Month 5: Fifth and sixth months may witness more transitions in infants, as they start rolling over from the back to their stomach. Their grasps get stronger, and their hand-eye coordination improves. They may hold objects and move them from one hand to another. Their vision improves, and they will be able to see objects at a distance. They may start babbling too. In some infants, teething may begin at this stage.
Month 6: During the sixth month, babies may sit without support, and they move independently. Usually, babies attain double their birth weight at this stage. They can roll over from their back to their stomach and vice versa, in a more smooth manner. Some babies may try to rise on their hands and knees, but may not start crawling. They may voluntarily open their mouth, while spoon-feeding, and may drink from a cup/glass with help. They may also be able to hold feeding bottles successfully, and make two-syllable sounds. As far as infant development is concerned, the sixth month is very important. It is at this stage, that health experts recommend solid foods for infants.
Month 7: During the seventh month, they may start creeping, scooting, rolling, or crawling. While some babies try all these movements, others may try any one or two. Their eating habits improve, as they can easily hold a glass or eat from a spoon. They will be strong enough to stand on their legs, with support. Signs of teething, like drooling, may develop. They may get irritable and fussier too. You have to be careful, while introducing new food items to the baby, as he may develop symptoms of food allergy. By this time, babies know how to chew food, and how to show disgust to a particular food. They can sit unsupported and recognize names.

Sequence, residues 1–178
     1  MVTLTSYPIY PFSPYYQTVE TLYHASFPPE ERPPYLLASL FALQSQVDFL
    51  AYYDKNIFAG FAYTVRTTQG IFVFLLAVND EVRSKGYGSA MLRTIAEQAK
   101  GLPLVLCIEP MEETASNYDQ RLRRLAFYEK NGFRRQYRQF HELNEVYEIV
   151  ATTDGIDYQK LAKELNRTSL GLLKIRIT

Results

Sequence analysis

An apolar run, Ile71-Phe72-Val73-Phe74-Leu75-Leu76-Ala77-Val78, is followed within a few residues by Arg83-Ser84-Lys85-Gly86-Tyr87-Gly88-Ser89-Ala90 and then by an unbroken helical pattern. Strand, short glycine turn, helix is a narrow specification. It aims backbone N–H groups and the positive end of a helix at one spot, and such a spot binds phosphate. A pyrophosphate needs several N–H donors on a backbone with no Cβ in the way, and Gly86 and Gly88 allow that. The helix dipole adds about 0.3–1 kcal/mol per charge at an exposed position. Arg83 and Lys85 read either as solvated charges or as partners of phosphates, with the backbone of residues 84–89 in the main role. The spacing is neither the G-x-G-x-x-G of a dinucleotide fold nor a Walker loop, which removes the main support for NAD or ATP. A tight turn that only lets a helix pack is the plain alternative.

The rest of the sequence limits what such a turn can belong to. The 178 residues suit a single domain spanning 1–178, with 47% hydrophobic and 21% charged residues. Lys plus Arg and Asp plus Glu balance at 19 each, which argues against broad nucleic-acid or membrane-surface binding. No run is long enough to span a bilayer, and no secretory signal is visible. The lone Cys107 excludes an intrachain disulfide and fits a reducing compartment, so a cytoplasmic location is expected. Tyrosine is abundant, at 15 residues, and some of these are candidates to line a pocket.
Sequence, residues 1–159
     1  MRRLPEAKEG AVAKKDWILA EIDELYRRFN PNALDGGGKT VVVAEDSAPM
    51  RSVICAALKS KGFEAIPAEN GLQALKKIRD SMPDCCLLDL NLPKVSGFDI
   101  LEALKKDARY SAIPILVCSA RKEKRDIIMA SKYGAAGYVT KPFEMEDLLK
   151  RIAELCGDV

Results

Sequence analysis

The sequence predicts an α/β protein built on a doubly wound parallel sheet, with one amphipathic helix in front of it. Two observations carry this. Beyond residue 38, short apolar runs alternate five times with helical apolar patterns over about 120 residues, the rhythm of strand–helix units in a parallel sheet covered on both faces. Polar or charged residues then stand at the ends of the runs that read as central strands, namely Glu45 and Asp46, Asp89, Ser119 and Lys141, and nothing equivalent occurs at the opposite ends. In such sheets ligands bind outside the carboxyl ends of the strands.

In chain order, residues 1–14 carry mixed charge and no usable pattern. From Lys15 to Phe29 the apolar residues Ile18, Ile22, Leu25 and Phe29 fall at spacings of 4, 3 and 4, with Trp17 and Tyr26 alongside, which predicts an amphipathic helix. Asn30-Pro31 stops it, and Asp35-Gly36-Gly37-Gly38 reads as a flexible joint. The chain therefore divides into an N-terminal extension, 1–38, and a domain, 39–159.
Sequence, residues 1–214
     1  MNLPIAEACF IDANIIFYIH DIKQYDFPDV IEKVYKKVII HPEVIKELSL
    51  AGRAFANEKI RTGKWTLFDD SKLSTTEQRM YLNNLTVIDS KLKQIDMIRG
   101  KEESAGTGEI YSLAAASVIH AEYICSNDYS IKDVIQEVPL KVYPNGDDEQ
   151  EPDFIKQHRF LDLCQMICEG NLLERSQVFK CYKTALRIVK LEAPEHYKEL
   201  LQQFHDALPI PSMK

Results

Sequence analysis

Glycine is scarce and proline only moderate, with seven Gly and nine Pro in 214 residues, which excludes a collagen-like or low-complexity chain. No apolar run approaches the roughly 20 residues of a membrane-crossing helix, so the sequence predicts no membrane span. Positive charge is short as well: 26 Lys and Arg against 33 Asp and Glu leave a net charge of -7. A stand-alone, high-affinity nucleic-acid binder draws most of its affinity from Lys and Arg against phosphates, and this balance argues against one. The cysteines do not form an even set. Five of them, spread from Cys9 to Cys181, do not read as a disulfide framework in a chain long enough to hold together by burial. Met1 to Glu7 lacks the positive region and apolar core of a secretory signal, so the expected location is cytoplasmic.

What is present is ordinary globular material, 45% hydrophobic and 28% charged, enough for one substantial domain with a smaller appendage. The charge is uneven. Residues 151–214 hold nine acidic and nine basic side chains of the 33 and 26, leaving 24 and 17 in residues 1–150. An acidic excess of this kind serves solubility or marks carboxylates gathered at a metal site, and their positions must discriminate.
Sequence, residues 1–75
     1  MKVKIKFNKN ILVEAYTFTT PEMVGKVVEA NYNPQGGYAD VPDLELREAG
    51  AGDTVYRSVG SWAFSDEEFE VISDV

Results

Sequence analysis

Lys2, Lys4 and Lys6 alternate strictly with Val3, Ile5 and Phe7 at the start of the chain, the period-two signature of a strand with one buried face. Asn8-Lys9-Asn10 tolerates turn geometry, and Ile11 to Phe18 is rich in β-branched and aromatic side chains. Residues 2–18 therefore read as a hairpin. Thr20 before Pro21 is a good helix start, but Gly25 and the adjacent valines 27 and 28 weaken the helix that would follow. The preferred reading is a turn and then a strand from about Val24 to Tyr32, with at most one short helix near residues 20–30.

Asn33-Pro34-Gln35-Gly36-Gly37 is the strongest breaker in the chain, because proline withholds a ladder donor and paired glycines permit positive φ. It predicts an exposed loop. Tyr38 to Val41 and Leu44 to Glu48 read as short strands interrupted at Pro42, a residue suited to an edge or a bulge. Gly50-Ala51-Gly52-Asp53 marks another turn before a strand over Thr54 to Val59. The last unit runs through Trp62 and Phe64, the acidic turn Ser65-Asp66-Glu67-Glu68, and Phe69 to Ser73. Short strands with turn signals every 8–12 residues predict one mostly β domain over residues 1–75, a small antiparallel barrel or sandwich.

Month 8: By the eighth month, babies get stronger, and pull themselves up to a standing position, by holding either furniture or the walls. They may crawl more freely, and can play with toys, like balls. Their grasping and chewing skills develop, and they may also show their likes and dislikes regarding food. Some babies may start using basic words and listen to familiar words. During this stage, babies can pick up and hold objects properly.
Month 9: By this time, babies crawl freely. They may even crawl up or down the stairs. You can see them holding some toy in one hand and crawling with the help of other hand and knees. They may crawl and grasp a toy, and then sit straight and play with it. They may also pull themselves up to a standing position. Some babies may start walking at this stage. They may cry, when taken away from parents, or with unfamiliar people.
Month Ten: During this period, babies understand the meaning of familiar words and directions. They can sit straight, and stand up holding objects, like furniture. Some of them may move around with support. By now, they have a few teeth, so you can introduce semisolid foods. They may also start using some familiar words.
Month 11 and 12: Some babies may start walking during the eleventh or twelfth month. They enjoy playing with toys, like stacking blocks and nesting cups. Some of them use several words as the first step of talking; while others require more time to develop this skill. They may develop strong attachment to objects, like toys and blankets. They may become more efficient in using day-to-day items, like spoons, cups, and hairbrush. They sleep less during the daytime and more at night.
This is only a brief overview about the development of infants. A basic idea about developmental milestones of babies, may prove beneficial. If you find any delay in the development of your baby, consult the doctor.
Disclaimer: This article is for informational purposes only, and should not be used as a replacement for expert medical advice.